Jamie


#11

I just saw a rolling mill for $175 at Harbor Freight. Was wondering
if it was worth it for small jobs. I’m a beginner and don’t want to
spend a fortune quite yet! Please let me know thoughts. Looks like
from your email it may be worth it. Thanks-b

Barbara Bear


#12
I made a mistake purchasing the pepe jump ring maker/grobet flex
shaft. 

The Pepe might not be as well made as the original, the “Jump
Ringer” from Ray Grossman.

It was sold as a set. I felt like such a great shopper, and that I
got a great deal. NOT, The flex shaft is 1/8th horsepower and does
not have enough a-s as my husband so charmingly calls it, to cut
through the rings, 

I don’t think this is an issue with the power of the motor. 1/8th hp
should be more than enough (It’s worked fine for me, though I have
Ray Grossmans tool, not the Pepe one). BUT, your coil has to be
securely clamped (and the Pepe may make this trickier), AND your saw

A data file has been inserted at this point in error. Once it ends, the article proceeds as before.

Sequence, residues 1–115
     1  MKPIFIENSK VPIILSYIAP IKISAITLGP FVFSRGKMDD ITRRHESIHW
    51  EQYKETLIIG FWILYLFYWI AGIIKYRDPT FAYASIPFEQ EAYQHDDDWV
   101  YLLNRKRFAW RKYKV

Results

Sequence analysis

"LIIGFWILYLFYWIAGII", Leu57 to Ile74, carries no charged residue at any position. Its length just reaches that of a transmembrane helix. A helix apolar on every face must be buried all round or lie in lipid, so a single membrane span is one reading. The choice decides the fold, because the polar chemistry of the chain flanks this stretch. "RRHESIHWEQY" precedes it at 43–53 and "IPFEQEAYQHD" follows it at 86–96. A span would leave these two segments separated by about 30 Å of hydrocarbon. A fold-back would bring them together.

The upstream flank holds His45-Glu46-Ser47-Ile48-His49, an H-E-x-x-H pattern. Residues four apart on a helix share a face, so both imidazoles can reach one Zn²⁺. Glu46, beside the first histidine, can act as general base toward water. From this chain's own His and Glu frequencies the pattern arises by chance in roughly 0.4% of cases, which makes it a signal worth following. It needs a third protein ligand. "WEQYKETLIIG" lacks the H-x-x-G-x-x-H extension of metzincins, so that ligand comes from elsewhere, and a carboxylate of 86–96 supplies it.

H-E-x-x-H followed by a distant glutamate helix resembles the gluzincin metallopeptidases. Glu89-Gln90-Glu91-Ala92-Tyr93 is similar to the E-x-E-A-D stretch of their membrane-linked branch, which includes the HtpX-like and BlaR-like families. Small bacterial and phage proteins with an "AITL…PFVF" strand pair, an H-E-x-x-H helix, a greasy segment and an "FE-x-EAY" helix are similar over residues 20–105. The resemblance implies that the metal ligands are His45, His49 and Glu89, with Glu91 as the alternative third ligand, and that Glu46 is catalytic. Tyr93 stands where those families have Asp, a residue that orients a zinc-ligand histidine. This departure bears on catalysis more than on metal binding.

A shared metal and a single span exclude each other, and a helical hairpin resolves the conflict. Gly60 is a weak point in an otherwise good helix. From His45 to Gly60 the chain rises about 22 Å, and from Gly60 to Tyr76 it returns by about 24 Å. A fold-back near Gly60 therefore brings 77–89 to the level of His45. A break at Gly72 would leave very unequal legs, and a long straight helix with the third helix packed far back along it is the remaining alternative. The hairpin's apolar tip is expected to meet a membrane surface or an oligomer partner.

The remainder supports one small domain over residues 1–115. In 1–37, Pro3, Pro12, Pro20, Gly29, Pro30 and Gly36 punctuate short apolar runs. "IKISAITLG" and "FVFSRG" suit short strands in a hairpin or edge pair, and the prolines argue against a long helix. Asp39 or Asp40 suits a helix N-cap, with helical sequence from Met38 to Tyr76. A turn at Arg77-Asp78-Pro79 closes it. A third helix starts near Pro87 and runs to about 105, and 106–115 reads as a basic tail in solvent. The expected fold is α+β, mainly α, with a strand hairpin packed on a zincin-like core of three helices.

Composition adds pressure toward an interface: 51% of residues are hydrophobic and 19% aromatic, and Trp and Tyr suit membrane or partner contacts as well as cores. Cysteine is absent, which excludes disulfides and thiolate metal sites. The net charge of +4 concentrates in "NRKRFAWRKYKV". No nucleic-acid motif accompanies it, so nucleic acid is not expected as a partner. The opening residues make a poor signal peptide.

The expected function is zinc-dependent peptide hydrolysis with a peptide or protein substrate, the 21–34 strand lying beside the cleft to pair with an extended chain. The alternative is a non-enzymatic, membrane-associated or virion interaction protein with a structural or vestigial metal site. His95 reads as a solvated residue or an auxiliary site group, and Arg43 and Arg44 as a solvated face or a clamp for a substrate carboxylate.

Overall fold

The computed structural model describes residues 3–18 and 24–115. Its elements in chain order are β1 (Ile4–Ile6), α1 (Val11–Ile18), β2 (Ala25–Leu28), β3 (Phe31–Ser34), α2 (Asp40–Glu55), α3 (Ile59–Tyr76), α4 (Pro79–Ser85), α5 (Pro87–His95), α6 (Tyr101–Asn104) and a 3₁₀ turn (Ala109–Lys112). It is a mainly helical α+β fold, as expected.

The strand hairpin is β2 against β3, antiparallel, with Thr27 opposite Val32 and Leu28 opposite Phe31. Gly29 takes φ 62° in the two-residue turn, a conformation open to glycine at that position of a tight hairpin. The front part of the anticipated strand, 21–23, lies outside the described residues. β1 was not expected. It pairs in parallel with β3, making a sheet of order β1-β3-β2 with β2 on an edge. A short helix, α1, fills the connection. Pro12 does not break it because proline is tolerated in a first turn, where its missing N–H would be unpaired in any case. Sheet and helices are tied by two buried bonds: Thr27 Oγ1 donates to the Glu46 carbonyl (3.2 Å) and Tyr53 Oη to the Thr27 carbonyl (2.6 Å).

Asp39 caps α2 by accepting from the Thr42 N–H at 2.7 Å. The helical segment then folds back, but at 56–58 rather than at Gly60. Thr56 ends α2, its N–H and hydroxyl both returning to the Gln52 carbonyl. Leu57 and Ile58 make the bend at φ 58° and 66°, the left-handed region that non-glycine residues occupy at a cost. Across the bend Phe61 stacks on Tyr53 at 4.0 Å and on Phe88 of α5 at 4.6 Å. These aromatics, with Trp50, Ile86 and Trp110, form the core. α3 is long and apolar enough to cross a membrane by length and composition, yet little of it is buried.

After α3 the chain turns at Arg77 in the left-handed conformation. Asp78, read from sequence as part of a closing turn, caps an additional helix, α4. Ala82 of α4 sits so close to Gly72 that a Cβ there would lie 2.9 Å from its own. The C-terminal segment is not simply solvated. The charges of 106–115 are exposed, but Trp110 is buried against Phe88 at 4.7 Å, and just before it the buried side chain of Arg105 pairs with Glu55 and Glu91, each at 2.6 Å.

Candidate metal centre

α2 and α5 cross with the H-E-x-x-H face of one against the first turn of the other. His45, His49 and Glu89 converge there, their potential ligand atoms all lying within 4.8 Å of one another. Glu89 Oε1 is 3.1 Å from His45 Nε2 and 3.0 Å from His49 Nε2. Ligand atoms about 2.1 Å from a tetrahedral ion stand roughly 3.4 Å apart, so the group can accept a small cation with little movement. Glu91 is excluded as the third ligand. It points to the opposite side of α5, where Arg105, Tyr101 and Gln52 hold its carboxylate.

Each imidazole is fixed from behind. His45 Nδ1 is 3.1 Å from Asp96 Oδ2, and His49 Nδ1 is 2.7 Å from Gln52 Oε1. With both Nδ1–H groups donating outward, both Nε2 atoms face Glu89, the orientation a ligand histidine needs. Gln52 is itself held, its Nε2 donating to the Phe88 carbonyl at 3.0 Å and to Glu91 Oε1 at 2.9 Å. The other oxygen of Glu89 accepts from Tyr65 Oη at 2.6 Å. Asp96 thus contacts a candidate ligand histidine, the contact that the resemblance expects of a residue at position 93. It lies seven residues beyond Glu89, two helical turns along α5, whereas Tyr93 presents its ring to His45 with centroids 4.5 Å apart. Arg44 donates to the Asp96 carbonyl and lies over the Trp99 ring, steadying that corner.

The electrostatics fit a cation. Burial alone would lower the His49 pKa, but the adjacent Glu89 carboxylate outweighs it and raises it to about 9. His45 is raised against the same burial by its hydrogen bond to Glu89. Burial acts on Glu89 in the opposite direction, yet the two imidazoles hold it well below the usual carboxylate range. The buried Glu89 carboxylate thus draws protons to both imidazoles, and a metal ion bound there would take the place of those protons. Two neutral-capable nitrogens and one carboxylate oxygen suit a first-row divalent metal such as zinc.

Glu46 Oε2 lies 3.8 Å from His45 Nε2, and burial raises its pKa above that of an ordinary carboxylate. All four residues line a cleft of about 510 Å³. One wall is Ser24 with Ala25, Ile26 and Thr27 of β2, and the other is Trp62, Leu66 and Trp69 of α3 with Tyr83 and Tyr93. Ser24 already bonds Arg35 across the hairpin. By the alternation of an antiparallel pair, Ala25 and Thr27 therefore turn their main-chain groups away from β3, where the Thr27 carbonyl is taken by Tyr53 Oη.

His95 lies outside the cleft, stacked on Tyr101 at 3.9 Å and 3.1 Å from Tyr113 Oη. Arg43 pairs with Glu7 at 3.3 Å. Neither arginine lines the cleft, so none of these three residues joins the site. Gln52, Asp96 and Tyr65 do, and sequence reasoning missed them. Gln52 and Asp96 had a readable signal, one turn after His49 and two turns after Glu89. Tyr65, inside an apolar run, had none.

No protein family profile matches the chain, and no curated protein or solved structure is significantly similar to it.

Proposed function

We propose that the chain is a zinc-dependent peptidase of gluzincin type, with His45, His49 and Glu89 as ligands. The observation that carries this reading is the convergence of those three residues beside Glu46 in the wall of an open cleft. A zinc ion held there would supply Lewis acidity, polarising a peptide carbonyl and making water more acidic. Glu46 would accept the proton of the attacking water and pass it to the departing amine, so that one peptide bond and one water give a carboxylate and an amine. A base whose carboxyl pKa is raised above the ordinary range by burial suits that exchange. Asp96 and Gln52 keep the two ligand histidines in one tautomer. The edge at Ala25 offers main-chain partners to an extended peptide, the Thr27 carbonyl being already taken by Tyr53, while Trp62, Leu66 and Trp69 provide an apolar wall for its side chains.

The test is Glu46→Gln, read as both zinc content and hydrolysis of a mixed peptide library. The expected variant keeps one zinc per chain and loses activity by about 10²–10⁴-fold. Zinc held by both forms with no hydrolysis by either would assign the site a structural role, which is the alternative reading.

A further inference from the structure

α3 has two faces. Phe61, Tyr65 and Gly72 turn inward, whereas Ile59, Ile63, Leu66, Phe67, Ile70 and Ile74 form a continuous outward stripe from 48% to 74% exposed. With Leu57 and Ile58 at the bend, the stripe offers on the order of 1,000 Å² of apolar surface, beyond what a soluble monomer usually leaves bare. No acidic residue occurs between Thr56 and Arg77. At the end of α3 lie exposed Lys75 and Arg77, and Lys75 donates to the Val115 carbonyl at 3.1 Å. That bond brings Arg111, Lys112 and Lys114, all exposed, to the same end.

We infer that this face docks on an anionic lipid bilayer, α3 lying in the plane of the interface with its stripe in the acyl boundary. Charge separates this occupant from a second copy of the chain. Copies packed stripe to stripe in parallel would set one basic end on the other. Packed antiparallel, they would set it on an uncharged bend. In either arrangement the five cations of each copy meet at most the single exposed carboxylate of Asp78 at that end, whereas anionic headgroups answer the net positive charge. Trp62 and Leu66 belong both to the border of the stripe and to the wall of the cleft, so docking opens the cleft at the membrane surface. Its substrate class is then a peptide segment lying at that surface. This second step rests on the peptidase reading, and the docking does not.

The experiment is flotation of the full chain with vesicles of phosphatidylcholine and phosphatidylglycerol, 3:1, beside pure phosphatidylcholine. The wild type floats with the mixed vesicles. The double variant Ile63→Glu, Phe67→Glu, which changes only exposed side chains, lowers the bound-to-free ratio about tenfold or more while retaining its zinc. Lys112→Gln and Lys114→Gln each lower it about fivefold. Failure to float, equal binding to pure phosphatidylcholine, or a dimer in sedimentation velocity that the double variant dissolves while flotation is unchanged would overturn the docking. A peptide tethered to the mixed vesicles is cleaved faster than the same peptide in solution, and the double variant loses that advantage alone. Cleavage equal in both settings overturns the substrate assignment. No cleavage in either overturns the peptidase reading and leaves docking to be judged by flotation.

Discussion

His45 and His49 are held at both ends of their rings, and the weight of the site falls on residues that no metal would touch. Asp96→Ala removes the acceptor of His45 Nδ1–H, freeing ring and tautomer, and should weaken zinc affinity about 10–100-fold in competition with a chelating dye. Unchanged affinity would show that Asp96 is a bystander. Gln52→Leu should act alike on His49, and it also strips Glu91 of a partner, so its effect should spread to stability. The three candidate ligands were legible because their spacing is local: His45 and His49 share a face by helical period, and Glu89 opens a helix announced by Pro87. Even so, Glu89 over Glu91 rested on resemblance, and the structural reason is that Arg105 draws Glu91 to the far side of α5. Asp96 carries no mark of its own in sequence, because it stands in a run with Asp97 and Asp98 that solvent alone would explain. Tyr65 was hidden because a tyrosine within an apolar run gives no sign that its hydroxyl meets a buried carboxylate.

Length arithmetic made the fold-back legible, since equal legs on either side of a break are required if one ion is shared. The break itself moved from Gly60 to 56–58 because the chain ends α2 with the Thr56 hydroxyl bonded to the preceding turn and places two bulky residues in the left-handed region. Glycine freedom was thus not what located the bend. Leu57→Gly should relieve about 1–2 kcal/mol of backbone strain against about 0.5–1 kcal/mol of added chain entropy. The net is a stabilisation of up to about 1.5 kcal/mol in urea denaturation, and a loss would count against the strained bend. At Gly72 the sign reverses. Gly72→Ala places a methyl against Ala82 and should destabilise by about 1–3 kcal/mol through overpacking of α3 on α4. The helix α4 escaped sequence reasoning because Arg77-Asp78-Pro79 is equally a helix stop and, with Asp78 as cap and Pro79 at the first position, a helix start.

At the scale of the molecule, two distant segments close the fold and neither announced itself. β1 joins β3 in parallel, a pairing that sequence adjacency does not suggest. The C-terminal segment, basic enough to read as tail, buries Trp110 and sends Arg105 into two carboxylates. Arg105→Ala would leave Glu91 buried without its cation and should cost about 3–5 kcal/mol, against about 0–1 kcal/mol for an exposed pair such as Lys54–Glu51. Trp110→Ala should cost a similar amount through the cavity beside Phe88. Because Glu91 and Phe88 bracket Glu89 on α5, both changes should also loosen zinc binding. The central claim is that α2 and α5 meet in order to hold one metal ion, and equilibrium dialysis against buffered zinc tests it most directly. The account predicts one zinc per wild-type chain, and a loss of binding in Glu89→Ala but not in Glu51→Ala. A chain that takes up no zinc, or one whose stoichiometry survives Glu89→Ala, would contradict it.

has to be properly adjusted, both centered in the slot, and the right
depth so as not to cut too deep. The latter is often an operator
technique rather than an actual setting. Also, the circular saws
have to be sharp, and you have to be cutting in the right direction.
If you’re mangling rings, it’s most likely not that the flex shaft is
not powerful enough. Rather, it’s probably something wrong in the way
you’re attempting to cut the rings. If they shift in the fixture, for
example, that will quickly make a mess.

Now I am saving for a foredom 1/3 horsepower flex shaft, so I never
run into that problem again. 

More power will help if you’re finding an underpowered motor is
simply stalling. But if you’re using the jump ring fixture and cutter
properly, even with a 1/10th hp motor, you shouldn’t be stalling it.
This isn’t to say you won’t enjoy the heavier Fordom motor. You will.
But I suspect that power is not actually your problem here. Lots of
people have fine results with motors no bigger than your Grobet.

husband says there are many things that you can get away with
purchasing less expensive items